Scientists have taken the first ever snapshot of an atom’s shadow—the smallest ever photographed using visible light. The imaging technique could have big implications for genetic research and cryptography, researchers say.
The pioneering shutterbugs used an electrical field to suspend a charged atom, or ion, of the element ytterbium in a vacuum chamber. They then shot a laser beam—about a thousand times wider than the atom—at the ytterbium.
The ytterbium atom absorbed a tiny portion of the light, and the resulting shadow was magnified by a lens attached to a microscope, then recorded via a digital camera sensor.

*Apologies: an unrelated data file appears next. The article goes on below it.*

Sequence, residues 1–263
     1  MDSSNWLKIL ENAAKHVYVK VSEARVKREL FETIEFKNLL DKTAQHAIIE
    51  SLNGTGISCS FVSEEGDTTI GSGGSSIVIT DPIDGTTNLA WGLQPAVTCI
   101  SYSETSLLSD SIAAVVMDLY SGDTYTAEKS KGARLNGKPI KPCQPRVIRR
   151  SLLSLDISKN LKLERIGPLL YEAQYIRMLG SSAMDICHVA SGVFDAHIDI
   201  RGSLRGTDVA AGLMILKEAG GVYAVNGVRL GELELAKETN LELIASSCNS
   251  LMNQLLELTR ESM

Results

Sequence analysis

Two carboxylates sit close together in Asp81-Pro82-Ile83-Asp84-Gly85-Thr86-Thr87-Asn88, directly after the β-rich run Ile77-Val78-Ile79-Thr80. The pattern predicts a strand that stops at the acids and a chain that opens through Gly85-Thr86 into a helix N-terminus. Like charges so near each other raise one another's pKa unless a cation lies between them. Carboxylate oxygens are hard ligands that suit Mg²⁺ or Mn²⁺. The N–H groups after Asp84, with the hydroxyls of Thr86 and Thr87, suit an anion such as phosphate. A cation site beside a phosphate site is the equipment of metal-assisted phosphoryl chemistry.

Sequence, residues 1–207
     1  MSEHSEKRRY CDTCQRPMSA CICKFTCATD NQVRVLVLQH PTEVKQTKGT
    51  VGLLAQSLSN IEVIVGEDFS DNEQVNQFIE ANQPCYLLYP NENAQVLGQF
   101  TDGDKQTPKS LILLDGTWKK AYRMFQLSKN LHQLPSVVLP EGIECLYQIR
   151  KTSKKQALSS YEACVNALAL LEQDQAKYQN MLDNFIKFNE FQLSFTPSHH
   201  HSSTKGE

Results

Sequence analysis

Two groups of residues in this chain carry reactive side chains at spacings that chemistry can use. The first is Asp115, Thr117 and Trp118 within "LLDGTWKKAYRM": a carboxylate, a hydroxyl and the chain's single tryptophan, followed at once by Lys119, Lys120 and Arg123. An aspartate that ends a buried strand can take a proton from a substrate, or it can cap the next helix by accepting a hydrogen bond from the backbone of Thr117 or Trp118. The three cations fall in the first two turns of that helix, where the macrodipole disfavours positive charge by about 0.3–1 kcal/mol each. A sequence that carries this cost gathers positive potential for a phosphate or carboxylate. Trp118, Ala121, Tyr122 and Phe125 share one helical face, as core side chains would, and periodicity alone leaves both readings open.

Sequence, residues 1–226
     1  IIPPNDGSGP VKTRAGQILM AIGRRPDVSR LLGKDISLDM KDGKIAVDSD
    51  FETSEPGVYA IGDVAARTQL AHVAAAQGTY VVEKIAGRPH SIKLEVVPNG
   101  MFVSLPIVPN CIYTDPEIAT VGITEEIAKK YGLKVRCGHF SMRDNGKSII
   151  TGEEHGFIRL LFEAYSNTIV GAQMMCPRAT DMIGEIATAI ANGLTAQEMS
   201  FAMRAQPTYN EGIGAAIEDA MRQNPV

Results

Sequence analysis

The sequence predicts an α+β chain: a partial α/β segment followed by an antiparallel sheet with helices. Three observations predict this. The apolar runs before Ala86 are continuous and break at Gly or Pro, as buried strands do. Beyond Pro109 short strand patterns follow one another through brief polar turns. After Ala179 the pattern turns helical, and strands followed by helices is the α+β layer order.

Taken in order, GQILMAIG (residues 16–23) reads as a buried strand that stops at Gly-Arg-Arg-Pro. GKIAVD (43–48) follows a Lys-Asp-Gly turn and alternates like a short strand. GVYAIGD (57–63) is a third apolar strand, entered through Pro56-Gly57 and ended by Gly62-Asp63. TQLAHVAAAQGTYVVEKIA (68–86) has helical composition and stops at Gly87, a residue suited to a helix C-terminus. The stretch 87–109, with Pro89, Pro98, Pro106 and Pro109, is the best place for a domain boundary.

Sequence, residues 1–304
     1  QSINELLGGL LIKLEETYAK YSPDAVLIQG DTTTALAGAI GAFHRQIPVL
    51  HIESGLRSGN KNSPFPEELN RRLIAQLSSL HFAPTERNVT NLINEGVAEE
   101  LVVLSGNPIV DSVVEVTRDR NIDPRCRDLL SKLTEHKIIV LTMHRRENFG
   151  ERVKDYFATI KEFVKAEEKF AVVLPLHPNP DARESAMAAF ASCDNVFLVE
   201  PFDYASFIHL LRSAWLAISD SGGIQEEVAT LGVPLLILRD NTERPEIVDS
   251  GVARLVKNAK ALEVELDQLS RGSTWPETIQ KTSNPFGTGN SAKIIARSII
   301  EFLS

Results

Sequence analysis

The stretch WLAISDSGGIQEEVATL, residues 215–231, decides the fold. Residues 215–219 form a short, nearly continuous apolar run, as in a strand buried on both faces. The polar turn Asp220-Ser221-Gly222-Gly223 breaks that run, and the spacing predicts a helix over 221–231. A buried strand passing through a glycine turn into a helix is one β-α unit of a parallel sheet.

The team used ytterbium because they knew they could create lasers of the right color to be strongly absorbed by the element.
Eink, E-paper, Think Ink – Collin shares six segments pondering the unusual low-power display technology that somehow still seems a bit sci-fi – http://adafruit.com/thinkink
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